While both nations are calling for regular deployment intervals in the Arctic, the US and UK’s current force structures are not capable of meeting that demand independently in the land domain.

However, while the official position of both nations seems soft in their language when regarding NATO, their outlined regional military strategy for their own states is much more aggressive.  The United Kingdom’s Littoral Response Group aims to create a “dedicated” Arctic Command Force that can manoeuvre alongside an operational Joint Expeditionary Force.  This force will maintain a periodic force presence in the Arctic to demonstrate the UK’s commitment to securing Arctic navigation routes.  The US has also elevated their strategic language, calling for “allied and independent…episodic deployments” of regular Arctic forces to the region to achieve effective “deterrence.”

While both nations are calling for regular deployment intervals in the Arctic, the US and UK’s current force structures are not capable of meeting that demand independently in the land domain.  With only two US Army Arctic Brigade Combat Teams, the solution for a regular land force presence in the Arctic must be a collective effort.  A NATO burden-sharing approach to regular episodic Arctic deployments for land forces between the US and UK will ensure a constant military presence in the region, increasing regional security.  A proposed mechanism for this is to add the United States as a contributing member to the Joint Expeditionary Force (JEF).  The JEF, “is a UK-led multinational force…consisting of 10 northern European Nations [that conduct] expeditionary operations in the High North, North Atlantic, and Baltic region.”  Actual presence focused deployments, much like the JEF’s 2021 deployment, is a step beyond using exercises to project power, and is proof of the UK’s commitment as outlined in their arctic strategy to ensure a consistent force in the Arctic.

However, while the maritime and air superiority offered by JEF deployments are critical for dominance in this harsh landscape, a consistent land presence is still a strategic necessity for multi-domain dominance in the Arctic.  Episodic deployments of the US Army Arctic Brigade Combat Teams of the 11th Airborne Division in the Arctic, beyond routine exercise participation, can help provide this consistent land power presence.  Aligning these Brigade Combat Teams with JEF deployments promotes deployment burden-sharing for land forces and therefore becomes a comparative advantage for NATO.  The Joint Forcible Entry Operation (JFEO) capability of the 11th Airborne Division offers a unique joint capability of value to the JEF.  Sean Monaghan of the Center for Strategic and International Studies calls for an “integration of rapid-reaction [capable] US forces” in order to provide “military-strategic” support for the JEF and validate NATO efforts in securing the Arctic.  Leveraging the JFEO capability off 11th Airborne Division Brigade Combat Teams through Emergency Deployment Readiness Exercises (EDRE) under UK-JEF Command is a mechanism to provide regular episodic deployments in the Arctic and with it, a regular land domain presence.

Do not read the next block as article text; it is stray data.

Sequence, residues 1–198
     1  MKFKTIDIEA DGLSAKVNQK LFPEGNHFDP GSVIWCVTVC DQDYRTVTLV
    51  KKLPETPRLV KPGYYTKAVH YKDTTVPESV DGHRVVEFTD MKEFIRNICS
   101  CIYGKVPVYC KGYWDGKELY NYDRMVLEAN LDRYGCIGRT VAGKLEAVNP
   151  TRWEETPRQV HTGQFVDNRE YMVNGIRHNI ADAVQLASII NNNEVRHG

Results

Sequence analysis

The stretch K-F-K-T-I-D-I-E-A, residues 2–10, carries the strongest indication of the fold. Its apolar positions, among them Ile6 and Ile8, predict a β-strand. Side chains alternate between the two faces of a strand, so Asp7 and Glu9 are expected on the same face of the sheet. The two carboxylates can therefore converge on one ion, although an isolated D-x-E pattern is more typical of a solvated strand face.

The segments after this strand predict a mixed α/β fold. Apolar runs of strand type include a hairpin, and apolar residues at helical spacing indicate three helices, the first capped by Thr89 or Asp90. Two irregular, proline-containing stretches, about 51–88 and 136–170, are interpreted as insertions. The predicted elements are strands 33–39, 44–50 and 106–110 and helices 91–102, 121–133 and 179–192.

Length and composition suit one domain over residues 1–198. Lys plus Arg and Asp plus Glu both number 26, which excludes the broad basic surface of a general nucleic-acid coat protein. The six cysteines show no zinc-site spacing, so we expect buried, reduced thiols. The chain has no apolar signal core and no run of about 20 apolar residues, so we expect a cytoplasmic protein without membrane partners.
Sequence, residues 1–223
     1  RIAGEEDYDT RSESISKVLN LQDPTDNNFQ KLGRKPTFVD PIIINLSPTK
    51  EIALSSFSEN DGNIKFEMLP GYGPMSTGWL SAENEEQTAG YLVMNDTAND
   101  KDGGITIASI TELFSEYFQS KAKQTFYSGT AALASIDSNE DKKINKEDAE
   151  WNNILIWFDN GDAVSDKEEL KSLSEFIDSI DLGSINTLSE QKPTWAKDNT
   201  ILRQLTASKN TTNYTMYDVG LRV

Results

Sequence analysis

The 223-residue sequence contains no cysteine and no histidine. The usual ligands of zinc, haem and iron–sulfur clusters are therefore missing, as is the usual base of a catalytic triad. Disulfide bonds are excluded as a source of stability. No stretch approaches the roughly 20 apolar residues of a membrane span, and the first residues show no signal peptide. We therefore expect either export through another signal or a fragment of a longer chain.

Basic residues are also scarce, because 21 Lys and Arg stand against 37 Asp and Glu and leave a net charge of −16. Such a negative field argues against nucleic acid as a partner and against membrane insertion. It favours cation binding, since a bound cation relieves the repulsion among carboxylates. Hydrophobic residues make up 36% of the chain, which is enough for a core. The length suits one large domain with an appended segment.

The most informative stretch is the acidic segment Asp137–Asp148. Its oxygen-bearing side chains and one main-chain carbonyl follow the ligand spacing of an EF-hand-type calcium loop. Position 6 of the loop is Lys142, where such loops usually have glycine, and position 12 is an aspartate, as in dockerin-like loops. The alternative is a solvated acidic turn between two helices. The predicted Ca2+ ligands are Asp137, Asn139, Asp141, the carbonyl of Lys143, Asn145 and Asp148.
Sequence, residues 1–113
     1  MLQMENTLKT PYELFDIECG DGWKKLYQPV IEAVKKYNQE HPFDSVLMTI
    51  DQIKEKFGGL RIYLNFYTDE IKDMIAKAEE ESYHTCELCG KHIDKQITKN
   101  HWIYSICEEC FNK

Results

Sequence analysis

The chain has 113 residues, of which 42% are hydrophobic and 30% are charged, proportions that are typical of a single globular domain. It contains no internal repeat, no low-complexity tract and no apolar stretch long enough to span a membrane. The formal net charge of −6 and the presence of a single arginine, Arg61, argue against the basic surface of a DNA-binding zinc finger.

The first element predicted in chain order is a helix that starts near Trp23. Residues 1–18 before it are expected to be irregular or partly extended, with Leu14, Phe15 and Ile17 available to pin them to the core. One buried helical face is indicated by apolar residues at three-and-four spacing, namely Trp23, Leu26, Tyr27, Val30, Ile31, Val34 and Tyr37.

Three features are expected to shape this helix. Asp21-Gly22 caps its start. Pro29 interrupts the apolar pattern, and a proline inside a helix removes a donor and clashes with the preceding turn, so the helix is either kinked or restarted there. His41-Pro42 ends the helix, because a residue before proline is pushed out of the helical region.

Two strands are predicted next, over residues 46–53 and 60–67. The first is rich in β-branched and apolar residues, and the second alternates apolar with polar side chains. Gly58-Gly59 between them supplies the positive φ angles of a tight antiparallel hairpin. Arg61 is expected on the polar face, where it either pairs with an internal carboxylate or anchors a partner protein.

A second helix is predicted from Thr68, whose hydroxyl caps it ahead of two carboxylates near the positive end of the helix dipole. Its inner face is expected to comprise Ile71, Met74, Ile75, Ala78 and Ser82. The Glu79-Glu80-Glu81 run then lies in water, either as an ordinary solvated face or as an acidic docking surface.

Conclusion

Climate change has created unprecedented access and economic opportunity in the Arctic.  However, adversarial activity in the region as a response to this potential opportunity has presented a genuine national security dilemma for both the United States and the United Kingdom.  While both states have independently acknowledged the threat and outlined their own individual and collective means for addressing the threat, a shared US and UK approach must be taken in order to ensure Arctic security.  Changes to Arctic statecraft by both nations limiting the number of institutions with decision making authority will keep Arctic diplomacy and Arctic military strategy separate and decisive.  Burden-sharing episodic deployments to the Arctic under a unified Joint Expeditionary Force umbrella will enable a regular land force presence in the region, a specified requirement of both US and UK Arctic Strategy.  This collective US-UK approach is a strategic necessity in order to dominate the Arctic battlespace and ensure peace.

William Cooperider
Captain, U.S. Army

Captain William S Cooperider is a US Army Arctic Parachute Infantry Officer currently serving as a Heavy Weapons Company Commander in 2nd Brigade Combat Team (Airborne), 11th Airborne Division at Joint Base Elmendorf-Richardson in Anchorage Alaska. He graduated from the US Military Academy at West Point, New York in 2016 with a bachelor’s degree in physics. He deployed as a Company Commander to the Arctic in support of Operation Swift Response in May 2022, and completed the Joint US-UK Strategic Broadening Seminar with Intermediate Command and Staff College – Land in October 2022. CPT Cooperider was previously published in Infantry Magazine for his research in Multi-Domain and Space Operations.